Plough Lane

North Stand
North Stand
South Stand
South Stand
West Bank
West Bank
Wandle End
Wandle End
North Stand External View
North Stand External View

Ground Opened: 1912
Ground Closed: 1998
Number of years at the ground: 86* 
First Match Played:
Wimbledon 2 Carshalton Athletic 2, Friendly Match, 7th September 1912
Last Competitive Game Played: 
Wimbledon 0 Crystal Palace 3, Division One, 4th May 1991, Attendance: 10,002
Record Attendance: 
18,000 Wimbledon 3 HMS Victory 0, FA Amateur Cup 3rd Round, 2nd March 1935. 
Floodlights first used: v Arsenal, London Charity Cup, 3rd October 1960
Club moved to: Selhurst Park
Distance from Plough Lane to Selhurst Park: 17 miles

* Although the first team vacated in 1991, the ground was still used for reserve fixtures until 1998.

The rear section of the North Stand was opened in 1959.
In 1979 the roof of the stand was extended over the front paddock.
This was the Main Stand at Plough Lane.

North Main Stand

Main Entrance

Plough Lane Entrance Sign

As Seen From The Wandle End

North Stand From Wandle End

A Closer Look

A Closer look At The North Stand

This stand was originally at Clapton Orient's Millfields Road Ground
and was brought to Plough Lane in 1923*
It was 
remodelled after the Second World War as it had suffered some bomb damage.

South Stand

External View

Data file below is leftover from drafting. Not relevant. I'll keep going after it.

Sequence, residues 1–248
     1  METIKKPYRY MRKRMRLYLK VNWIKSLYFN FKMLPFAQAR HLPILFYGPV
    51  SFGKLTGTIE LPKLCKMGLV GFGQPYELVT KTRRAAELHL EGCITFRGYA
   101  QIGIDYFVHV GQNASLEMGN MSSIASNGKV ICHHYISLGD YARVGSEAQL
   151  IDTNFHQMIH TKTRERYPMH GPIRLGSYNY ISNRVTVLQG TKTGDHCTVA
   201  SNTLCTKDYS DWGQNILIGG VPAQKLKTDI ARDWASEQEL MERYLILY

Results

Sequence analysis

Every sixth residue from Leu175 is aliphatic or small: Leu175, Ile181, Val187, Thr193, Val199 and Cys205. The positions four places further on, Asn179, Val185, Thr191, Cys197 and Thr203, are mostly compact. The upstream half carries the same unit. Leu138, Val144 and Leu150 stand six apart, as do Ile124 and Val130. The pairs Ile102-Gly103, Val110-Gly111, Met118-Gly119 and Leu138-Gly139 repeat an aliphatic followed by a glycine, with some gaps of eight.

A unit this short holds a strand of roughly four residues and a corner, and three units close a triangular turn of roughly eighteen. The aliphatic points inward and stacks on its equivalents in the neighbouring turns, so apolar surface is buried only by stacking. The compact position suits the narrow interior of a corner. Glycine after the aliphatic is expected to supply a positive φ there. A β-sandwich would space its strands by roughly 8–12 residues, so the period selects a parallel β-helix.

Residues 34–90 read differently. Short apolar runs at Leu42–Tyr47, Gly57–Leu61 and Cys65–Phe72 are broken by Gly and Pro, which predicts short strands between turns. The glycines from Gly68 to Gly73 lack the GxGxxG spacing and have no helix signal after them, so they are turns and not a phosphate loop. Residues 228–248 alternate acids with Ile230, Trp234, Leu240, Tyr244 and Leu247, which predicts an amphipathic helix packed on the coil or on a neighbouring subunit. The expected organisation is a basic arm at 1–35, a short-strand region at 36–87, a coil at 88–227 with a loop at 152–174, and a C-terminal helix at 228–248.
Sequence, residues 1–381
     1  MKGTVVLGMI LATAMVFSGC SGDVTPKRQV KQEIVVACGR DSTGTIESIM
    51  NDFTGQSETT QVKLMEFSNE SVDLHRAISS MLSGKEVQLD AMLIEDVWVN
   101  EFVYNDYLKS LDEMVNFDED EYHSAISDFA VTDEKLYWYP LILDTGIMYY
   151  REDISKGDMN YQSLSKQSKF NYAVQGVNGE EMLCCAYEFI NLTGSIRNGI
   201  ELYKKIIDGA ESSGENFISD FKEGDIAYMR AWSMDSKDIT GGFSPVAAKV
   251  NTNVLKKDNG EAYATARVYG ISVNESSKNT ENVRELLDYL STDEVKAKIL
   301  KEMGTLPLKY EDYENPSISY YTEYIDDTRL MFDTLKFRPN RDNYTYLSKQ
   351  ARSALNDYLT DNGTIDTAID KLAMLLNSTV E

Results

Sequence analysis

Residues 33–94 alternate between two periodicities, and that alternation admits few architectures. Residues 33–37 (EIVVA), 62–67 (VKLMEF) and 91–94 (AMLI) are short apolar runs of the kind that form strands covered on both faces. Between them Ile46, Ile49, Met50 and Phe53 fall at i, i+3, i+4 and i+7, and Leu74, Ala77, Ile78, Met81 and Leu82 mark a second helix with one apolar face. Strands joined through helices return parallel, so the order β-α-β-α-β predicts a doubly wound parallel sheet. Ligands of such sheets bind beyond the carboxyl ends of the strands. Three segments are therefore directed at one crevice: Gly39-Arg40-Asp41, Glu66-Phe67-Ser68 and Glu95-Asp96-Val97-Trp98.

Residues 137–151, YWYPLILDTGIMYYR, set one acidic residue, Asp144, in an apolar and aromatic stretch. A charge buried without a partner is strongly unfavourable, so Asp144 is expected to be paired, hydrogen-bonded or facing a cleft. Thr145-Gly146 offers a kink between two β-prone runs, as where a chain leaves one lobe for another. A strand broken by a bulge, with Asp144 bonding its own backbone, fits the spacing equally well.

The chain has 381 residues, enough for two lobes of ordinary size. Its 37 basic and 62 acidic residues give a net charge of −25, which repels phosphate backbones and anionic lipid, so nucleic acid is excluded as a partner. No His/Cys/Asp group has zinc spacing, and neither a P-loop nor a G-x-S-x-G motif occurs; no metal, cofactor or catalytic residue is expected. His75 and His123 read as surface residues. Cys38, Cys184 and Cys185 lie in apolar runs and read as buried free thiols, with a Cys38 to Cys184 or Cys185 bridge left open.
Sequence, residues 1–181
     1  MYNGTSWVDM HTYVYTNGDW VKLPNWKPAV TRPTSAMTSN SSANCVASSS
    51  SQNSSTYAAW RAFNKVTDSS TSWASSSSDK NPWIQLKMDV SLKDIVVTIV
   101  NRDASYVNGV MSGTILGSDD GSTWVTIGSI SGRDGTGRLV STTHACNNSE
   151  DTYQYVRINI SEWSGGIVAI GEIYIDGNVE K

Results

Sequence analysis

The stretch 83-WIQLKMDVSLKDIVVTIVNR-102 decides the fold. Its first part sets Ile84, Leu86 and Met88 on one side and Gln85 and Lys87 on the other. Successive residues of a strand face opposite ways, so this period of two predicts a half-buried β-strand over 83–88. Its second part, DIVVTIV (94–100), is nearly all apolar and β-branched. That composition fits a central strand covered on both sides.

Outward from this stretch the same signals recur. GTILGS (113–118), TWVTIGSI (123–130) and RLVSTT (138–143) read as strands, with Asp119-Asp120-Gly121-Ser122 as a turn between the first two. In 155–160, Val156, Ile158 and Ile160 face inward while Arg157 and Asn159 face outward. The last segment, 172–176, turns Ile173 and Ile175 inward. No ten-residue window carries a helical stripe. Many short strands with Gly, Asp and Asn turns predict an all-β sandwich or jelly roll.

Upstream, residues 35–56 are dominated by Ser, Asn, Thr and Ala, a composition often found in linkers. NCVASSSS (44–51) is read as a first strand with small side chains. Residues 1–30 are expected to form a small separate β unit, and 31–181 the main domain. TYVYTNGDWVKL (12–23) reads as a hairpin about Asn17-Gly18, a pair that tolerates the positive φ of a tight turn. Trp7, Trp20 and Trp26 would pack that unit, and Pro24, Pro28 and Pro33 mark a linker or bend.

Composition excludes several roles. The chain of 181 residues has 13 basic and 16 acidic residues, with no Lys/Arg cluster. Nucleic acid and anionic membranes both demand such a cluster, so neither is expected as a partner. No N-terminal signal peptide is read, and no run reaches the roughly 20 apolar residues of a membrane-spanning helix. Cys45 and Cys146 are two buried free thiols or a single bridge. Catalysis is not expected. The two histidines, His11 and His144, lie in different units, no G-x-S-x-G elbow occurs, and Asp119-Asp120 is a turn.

South Stand External View

Taken From The Adjacent Terrace

South Stand View From Side Terrace

As Seen From The Wandle End

South Stand As Seen From The Wandle End

A Closer Look

A Closer Look At The South Stand

* It is thought that the stand was originally built at Clapham Orient in the early 1900's

West Bank Terrace
(also known as the Durnsford Road End)
The roof was erected in 1960.

West Bank Terrace

External View

West Bank Terrace External View

Looking Across From The South Side

Westbank terrace from the South Side

A Closer Look

West Bank Terrace A Closer Look

Wandle End
It was called the Wandle End after the River Wandle which runs behind.

Wandle End

Viewed From The West Bank

Wandle End Viewed From The West Bank

A Closer Look

A Closer Look At The Wandle End

Looking Across Towards The South Stand?

Looking Across Towards The South Stand

The ground was left derelict for four years before being demolished in 2002. It eventually was redeveloped for housing which was completed in 2008. The development and individual blocks of flats are named after former Wimbledon Players and Managers, for example, there is  Bassett House, after Manager Dave Bassett. There is also a commemorative plaque on a wall of the development. 

Opened in 1958 on Durnsford Road
It almost seemed part of the ground...

Sportsman Pub

It was also demolished to make way for the new residential flats.

Below is a video from YouTube showing the ground in 1979
Thanks to W Gibson for sharing this with us:

After the Taylor Report the Premier League had made it a stipulation for Clubs that stadiums be made all seated. It was felt that the costs of re-developing Plough Lane or at least trying to make it all seated were prohibitive and the Club left. No one could have foreseen at the time that this would start a chain of events that would result in 2003 with the Club moving to Milton Keynes some 55 miles away and be renamed MK Dons.

If you possess photos of the old Plough Lane ground, which you would be happy to share with others via this website, or if you have any general feedback about this page, then please e-mail me at: [email protected].

Special thanks to David Forsyth and Dave Couseins for providing the photos of Plough Lane, Wimbledon. They were taken in the late 1980s. At this time the ground capacity was 19,000.

Updated 16th March 2019



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